|Accentuated constriction between thorax and abdomen, long gangly legs, loitering around in sheds...yup, that's a wasp alright.|
It is actually with mixed feelings that we write this post. Wasps are quite beneficial for the garden, preying especially upon pesky caterpillars of various flavors and many other antagonistic insects. We would prefer to ignore the wasps if possible, but when they are building in our primary work areas and other places we are likely to disturb them (as dictated by thermodynamics), they've gotta go. Also, the European paper wasps we're seeing are non-native and have displaced many of the local native species, basically by being better at their job than the natives were. Apparently, it's possible to relocate the nests by taking them down and reattaching them elsewhere with superglue, but when the colony has more than one or two wasps, we can't see this ending happily for anyone nearby.
The standard approach to removing these helpful pests is to go to the store, get a can of synthetic chemical-laced spray, and blast the nest at dusk from 15-20 feet away. (Other/inert ingredients = petroleum distillates, which are not all that 'inert' for humans or aquatic life). The wasps fall to the ground, hacking and sputtering, and die a minute later. The nest is knocked down and stomped a couple times with thick-soled shoes just to make sure everything is good and dead. (Ironically, just the "inert" ingredients are typically enough to kill the wasps, which you can see for yourself if you happen to have petroleum distillates around, e.g., for cleaning up oil-based paint.) The "active" ingredients are typically pyrethroids, which are longer-lasting synthetic versions of natural pyrethrins. The natural pyrethrins can be extracted from chrysanthemum flowers and are even permitted in "official" organic gardening. Pyrethroids are not.
We started thinking about what we might do to get rid of the wasps instead of buying a can of spray. So, we began our reseach on natural ways to kill wasps by doing what many technically literate humans do these days: we asked the Great Googley Moogley. As usual, the internet was full of people who have already solved our problem. Apparently a soap and water mixture will knock 'em down pretty well, and all we needed was a sprayer to get the mixture there from a safe distance. The sprayers are not terribly expensive, and have a multitude of other uses around the homestead. (Supersoakers have such small reservoirs and slow delivery that they're not even practical.)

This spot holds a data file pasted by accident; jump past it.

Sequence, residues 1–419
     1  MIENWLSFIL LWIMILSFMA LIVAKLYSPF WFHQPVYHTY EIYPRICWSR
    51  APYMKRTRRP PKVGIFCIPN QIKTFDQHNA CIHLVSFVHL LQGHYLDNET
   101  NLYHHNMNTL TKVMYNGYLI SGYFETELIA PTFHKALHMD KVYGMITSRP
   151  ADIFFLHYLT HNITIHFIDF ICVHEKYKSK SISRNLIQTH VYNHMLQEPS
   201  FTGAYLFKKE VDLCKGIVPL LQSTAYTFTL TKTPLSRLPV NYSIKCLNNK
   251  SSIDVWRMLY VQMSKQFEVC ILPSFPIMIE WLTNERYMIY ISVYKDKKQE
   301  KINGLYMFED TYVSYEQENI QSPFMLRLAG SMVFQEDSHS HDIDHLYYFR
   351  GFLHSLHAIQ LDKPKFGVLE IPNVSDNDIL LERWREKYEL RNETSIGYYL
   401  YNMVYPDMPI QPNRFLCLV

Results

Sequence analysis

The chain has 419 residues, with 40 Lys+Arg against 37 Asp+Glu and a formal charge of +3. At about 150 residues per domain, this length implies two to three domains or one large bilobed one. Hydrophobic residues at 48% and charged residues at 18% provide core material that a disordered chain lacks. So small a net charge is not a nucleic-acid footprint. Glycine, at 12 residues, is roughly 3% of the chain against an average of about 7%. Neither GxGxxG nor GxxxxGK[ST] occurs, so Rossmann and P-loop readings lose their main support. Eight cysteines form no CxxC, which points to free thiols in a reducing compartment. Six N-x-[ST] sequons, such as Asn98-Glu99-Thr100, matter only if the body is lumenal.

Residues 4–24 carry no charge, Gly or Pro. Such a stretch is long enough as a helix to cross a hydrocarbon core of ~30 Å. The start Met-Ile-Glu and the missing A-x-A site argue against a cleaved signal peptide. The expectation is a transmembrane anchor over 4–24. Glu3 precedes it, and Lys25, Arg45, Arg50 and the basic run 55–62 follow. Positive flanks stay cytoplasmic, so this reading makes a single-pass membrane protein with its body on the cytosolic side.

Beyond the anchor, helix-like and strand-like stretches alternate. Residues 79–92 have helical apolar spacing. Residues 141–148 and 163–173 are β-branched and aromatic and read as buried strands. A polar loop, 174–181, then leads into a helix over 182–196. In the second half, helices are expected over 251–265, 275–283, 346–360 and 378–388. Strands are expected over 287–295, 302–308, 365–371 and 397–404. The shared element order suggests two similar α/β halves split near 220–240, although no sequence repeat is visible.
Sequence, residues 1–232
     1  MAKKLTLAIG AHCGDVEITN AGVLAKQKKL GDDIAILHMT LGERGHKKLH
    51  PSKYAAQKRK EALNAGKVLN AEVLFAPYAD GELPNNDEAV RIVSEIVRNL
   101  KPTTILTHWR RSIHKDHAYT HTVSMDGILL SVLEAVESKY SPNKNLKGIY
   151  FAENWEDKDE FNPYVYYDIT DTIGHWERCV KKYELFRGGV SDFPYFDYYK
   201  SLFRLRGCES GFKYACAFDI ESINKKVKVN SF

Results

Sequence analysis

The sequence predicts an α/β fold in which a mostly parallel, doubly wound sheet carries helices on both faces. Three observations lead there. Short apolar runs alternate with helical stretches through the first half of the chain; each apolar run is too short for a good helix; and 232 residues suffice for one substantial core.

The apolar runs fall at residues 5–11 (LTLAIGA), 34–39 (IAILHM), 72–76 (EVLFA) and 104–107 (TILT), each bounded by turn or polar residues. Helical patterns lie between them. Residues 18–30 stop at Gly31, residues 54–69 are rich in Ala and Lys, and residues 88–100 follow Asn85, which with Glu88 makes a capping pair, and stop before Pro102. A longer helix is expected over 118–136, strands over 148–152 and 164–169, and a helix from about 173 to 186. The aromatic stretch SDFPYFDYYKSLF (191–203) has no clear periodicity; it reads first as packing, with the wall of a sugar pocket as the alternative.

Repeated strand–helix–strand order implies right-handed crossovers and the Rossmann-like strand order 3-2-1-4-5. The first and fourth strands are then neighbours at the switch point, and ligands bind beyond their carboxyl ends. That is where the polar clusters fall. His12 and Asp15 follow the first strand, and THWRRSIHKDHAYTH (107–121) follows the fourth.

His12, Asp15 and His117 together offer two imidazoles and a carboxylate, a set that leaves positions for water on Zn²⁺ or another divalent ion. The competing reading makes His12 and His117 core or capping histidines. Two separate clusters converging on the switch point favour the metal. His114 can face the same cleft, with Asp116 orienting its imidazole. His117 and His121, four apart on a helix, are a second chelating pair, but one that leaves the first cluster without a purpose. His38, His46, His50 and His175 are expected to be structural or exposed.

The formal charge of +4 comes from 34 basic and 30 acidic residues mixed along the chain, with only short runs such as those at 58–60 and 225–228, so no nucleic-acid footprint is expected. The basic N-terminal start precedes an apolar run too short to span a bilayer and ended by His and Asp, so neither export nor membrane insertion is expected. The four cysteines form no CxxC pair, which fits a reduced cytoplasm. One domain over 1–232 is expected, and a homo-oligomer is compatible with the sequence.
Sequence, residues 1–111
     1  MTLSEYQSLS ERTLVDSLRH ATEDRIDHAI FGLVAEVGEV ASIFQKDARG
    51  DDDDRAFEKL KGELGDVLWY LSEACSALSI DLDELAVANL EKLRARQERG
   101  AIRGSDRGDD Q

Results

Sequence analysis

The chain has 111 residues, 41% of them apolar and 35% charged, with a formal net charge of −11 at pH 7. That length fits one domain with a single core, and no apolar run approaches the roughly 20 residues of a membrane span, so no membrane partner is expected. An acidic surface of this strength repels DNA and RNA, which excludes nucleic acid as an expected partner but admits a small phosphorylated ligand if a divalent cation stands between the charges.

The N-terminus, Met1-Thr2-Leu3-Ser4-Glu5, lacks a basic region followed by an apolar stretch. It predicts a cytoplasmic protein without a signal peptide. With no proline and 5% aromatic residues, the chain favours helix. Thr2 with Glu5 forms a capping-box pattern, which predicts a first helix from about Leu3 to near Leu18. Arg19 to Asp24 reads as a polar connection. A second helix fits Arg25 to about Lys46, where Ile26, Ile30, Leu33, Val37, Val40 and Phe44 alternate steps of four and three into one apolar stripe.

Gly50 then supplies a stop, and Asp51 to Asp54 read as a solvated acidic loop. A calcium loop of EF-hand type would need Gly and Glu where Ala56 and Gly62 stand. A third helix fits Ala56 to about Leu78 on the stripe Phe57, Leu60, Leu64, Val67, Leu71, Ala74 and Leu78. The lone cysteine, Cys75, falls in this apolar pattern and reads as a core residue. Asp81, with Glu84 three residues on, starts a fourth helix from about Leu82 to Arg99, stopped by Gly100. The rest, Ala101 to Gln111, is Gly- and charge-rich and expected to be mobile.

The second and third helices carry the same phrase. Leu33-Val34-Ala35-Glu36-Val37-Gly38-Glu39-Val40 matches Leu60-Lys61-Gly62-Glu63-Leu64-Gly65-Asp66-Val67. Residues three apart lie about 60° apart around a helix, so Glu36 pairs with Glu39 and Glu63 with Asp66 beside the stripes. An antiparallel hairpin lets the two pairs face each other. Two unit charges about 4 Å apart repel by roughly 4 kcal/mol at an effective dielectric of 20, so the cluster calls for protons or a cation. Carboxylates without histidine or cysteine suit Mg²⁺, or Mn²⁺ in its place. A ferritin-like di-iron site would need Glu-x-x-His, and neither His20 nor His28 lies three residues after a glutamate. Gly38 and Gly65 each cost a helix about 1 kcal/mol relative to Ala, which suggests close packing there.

So, here's how it went down in our neck of the woods.
|More trouble brewing. It's looking right at me! Run away! Just kidding. Apparently, wasps have facial recognition capability.|
|So just in case any wasps are reading this post, here's a message just for them. Yes, that is the wasp's head from the previous picture, cropped to perfection in MS Paint.|
|Here's our sprayer, it's a one-gallon model. $10 at Home Depot. We used a mixture of about 0.5 cup dish soap in 0.5 gallon water, but we didn't need nearly that much solution, even for the two-dozen nests we had to knock down.|
|We pumped it up fifteen or sixteen times and adjusted the sprayer nozzle to put out a good jet. That looks like it shoots pretty far! At least we'll have a chance to get away if it doesn't work.|
|And then after a minute, they just kind of...died. Weird. But there you have it...soapy water is just as effective as a can of commercial wasp spray. Apparently it works for two reasons: insects breathe by diffusion of oxygen through tiny holes in their skin called spiracles and are covered in a waxy coating. Just water, with a high polarity and surface tension, doesn't affect insects because it's repelled from the waxy coating, and the insect can close its spiracles to keep the water from getting in. The soapy water has a much lower surface tension, so it can get into the spiracles (maybe through capillary action?), which essentially stops the insect from 'breathing'. Also, the soap can dissolve the waxy coating, which lets both the soap and water underneath the insect's exoskeleton, where they wreak havoc on cell membranes and stuff. Not sure if anyone has actually quantified those two effects, but just spraying insects with water doesn't kill them, so the soap is definitely doing something. Now we just have to figure out what to do with the extra soapy water we mixed up. Car wash? Cat wash? Extra distance from the sprayer would be good there. Here's an idea: Katie, you take this little pistol-shaped squirt gun. I'll use this big, lumbering, slow sprayer thing. Now, we'll stand back to back, take ten paces...|
Have you taken out any yellow-and-black pests without the cans of commercial spray? Do you have a good way to encourage wasps to relocate without having to kill them? Let us know in the comments section below!